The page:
Many poly-alpha-olefins have flexible alkyl branching groups on every other carbon of their polymer backbone chain. These alkyl groups, which can shape themselves in numerous conformations, make it very difficult for the polymer molecules to align themselves up side-by-side in an orderly way. This results in lower contact surface area between the molecules and decreases the intermolecular interactions between molecules.[9] Therefore, many poly-alpha-olefins do not crystallize or solidify easily and are able to remain oily, viscous liquids even at lower temperatures.[10] Low molecular weight poly-alpha-olefins are useful as synthetic lubricants such as synthetic motor oils for vehicles and can be used over a wide temperature range.[8][10]

Even polyethylenes copolymerized with a small amount of alpha-olefins (such as 1-hexene, 1-octene, or longer) are more flexible than simple straight-chain high-density polyethylene, which has no branching.[7] The methyl branch groups on a polypropylene polymer are not long enough to make typical commercial polypropylene more flexible than polyethylene.


Polyolefins are used for blow moulded or rotationally moulded components, e.g. toys,[11] for heat-shrink tubing used to mechanically and electrically protect connections in electronics,[11] and for rash guards or undergarments for wetsuits.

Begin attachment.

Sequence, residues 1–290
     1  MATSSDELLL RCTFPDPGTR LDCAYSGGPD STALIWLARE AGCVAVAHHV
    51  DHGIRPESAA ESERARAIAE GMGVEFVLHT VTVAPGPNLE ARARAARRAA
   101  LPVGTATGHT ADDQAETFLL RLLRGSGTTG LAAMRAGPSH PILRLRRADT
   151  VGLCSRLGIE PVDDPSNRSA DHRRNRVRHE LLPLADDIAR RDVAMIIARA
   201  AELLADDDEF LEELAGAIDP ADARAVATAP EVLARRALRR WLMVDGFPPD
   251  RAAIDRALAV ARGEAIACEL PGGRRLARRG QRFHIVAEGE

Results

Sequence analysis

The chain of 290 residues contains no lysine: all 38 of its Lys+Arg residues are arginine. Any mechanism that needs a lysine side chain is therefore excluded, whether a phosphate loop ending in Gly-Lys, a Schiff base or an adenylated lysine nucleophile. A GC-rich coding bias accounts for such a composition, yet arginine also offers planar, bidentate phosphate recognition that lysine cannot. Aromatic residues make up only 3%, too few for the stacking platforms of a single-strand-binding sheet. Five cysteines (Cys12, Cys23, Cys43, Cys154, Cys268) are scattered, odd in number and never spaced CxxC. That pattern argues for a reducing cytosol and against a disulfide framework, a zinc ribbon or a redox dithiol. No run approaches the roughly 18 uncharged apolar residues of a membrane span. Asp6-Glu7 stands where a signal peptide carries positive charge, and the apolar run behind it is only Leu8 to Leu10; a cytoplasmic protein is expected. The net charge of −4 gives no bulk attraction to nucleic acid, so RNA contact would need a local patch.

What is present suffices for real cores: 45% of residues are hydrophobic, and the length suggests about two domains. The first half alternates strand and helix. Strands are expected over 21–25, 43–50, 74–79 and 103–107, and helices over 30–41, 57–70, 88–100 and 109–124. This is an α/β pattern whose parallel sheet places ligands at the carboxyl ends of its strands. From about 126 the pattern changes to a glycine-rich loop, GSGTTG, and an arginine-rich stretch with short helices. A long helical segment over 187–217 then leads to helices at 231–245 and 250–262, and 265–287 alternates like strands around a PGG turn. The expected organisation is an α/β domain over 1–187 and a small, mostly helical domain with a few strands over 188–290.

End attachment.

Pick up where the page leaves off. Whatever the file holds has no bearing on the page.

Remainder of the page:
Polyolefin sheets or foams are used in a wide variety of packaging applications, sometimes in direct contact with food.[12]

Polyolefin elastomer POE is used as a main ingredient in the molded flexible foam technology such as in the fabrication of self skinned footwear (for example, Crocs shoes), seat cushions, arm rests, spa pillows, etc. Hydrogenated polyalphaolefin (PAO) is used as a radar coolant. Head makes polyolefin tennis racket strings. Polyolefin is also used in pharmaceutical and medical industry for HEPA filter certification—a PAO aerosol is passed through the filters and the air that exits is measured with an aerosol detector.[13]

Elastolefin is a fiber used in fabrics.[14] IKEA's Better Shelter uses structural panels made out of polyolefin foam, stating, "They are tough and durable.".[15] Piping systems for the conveyance of water, chemicals or gases are commonly produced in Polypropylene, and to a much greater extent Polyethylene. Piping systems in high-density Polyethylene (HDPE, PE100, PE80) are fast becoming the most commonly used drinking water, waste water and natural gas distribution piping systems in the world.